The most common issues people following this course have aren't linked to code but rather forgetting to attach a script to a node or not setting a property, which makes this difficult.
That's why in every video we make and test a change - that way if something goes wrong it's most likely in the past few minutes of the last video, greatly limiting the backtracking you have to do.
Lastly, we're here to help. If you get stuck, you can upload your project as a zip archive to something like google drive and we'll help you solve your issue and explain what happened exactly.
In my case I had a 1.0 instead of a 0.0 at one place from 14 lessons back. The code worked, until it didn't, and was really hard to find where I missed that change.
This is especially problematic since there's no pause for people following along, just immediate switching between tools removing the view of the code. It's not uncommon that the view in the video changes more than 5 times in 5 seconds.
I stopped following along after a while because of how the video flow is and how Godot works. If Godot loses focus when I switch to pause the video it closes the tool/view/scene/inspector when I click to get back into Godot so you have to really fight the system from both sides while at the same time trying to think and learn.
It's obvious to me now that this is mostly meant as a youtube series, for people casually watching, and not as an actual course.
I see, I guess you had that in the calculation of the input direction? That's a tricky one to find indeed. In those cases don't hesitate to upload your project, you don't have to bother with backtracking. Other students usually don't - people tend to ask us directly, here, or more often than not on Discord.
This is typical of what people expect in video series, not really related to youtube (many Udemy courses are like this). But I completely understand this may not match your needs and expectations; I'm in a similar boat.
We made series like this one to give our audience things they wanted. This is one of the most-watched Godot tutorials series ever, along with Heartbeast's ARPG series, which uses a similar format. But I don't watch this kind of content, for instance.
Perhaps some of the content of more recent and text-based series, like 2D secrets or Godot node essentials would work better for you. I would especially recommend the latter, although it's in early access: it's our best resource.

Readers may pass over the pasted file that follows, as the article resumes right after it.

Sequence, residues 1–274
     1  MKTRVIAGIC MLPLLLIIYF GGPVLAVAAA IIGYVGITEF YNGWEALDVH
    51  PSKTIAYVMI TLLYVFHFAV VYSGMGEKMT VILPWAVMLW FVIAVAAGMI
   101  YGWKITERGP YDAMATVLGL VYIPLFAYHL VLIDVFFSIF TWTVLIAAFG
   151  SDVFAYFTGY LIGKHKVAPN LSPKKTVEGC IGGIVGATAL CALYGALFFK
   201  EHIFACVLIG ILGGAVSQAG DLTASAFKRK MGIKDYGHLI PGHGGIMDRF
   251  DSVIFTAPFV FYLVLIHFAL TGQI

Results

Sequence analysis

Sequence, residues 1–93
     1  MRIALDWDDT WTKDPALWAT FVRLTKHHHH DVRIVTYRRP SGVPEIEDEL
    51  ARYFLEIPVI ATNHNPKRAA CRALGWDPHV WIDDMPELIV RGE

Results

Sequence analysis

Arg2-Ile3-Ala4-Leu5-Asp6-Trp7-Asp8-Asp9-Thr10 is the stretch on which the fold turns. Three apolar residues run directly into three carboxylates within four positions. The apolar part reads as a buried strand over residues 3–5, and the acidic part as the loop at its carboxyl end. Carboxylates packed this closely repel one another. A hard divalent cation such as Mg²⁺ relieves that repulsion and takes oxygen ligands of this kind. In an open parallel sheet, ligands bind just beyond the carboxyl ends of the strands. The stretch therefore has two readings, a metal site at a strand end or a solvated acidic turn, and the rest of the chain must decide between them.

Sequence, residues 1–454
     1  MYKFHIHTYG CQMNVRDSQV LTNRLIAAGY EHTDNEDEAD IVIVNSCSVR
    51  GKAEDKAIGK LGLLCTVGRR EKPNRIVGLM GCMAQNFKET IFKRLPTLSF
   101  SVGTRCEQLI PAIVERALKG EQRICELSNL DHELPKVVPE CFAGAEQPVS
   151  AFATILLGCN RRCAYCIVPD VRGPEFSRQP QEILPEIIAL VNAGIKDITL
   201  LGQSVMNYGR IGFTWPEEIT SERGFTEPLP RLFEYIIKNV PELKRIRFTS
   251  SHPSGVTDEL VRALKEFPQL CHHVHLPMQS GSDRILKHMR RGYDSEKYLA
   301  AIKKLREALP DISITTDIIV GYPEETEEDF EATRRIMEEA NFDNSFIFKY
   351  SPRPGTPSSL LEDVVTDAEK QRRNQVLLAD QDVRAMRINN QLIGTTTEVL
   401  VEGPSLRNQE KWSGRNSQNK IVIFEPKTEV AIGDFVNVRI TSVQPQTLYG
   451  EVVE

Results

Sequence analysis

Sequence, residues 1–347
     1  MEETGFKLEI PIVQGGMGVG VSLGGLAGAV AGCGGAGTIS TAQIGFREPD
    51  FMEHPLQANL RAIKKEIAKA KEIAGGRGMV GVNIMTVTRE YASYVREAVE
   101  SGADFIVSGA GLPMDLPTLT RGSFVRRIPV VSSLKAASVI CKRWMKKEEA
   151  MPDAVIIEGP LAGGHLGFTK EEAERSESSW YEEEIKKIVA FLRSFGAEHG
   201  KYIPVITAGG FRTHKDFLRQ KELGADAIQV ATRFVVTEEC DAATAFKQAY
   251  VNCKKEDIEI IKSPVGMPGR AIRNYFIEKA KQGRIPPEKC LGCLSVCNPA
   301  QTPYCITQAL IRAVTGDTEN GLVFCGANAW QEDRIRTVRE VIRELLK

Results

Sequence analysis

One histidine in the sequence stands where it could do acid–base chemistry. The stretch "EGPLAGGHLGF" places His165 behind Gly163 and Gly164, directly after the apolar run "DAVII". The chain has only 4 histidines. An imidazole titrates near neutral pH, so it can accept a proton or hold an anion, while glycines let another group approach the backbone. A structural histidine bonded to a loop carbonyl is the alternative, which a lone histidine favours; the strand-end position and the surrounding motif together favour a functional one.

Yes, I understand. Trying to convey constructive critiscism in comments usually tends to sound passive aggressive when trying to keep it short but that's not my intention. The contents in this course are great, although not designed to follow along with.
I had a little bit of godot knowledge before I started (made a few tiny projects), and more than 30 years of programming experience in other languages. Most of the time I had already written the functions that came later in the course because it doesn't really differ that much between projects and I had some time to write it during the showcasing of some editor feature. I can also transcribe directly from what I see without looking where I type or anything. If I'm not given enough time to follow along then very few people are.
The 2D Secrets course suffers the same problem, although it's text and images, because in that course there are no summaries on each part and there're no direct indications of what code goes in what file (it could say 'Player.gd' for example on top of each syntax highlight just to make sure, like in a book), in relation of the rest of the code. The syntax highlights feel loosely placed and screenshots are of very small parts of the editor so if you don't already know, and therefore wouldn't need the screenshot, it will be difficult to know where to find it.
When it comes to the code you just scroll back up and somewhere it will say what file we're dealing with, and you'll figure it out. If you read a book on the same theme there's always a summary, like the whole file or class we just edited in the end of each part or chapter to summarize what we changed or learned. That way you don't need to read the whole chapter again just because of a typo.
Good things are always easier to criticize, because it's obvious what can be made better. And I would advise against trying to be like Udemy, no one actually learns anything there, it's pure procrastination. You can do a lot better and are already doing that.
I teach a few university teachers so they are updated with new programming knowledge and ways to teach it to others. This is not at all the same kind of teaching, but I know that much on this site is more complex than what is taught in the university, and making it more accessible causes less people to give up on it.
The details of the courses are the valuable parts, though. I really appreciate those and I'm aiming for a lifetime membership.
No offense taken, I appreciate the feedback. My answer was really to explain the mindset making this series. And, I would add, the older video courses.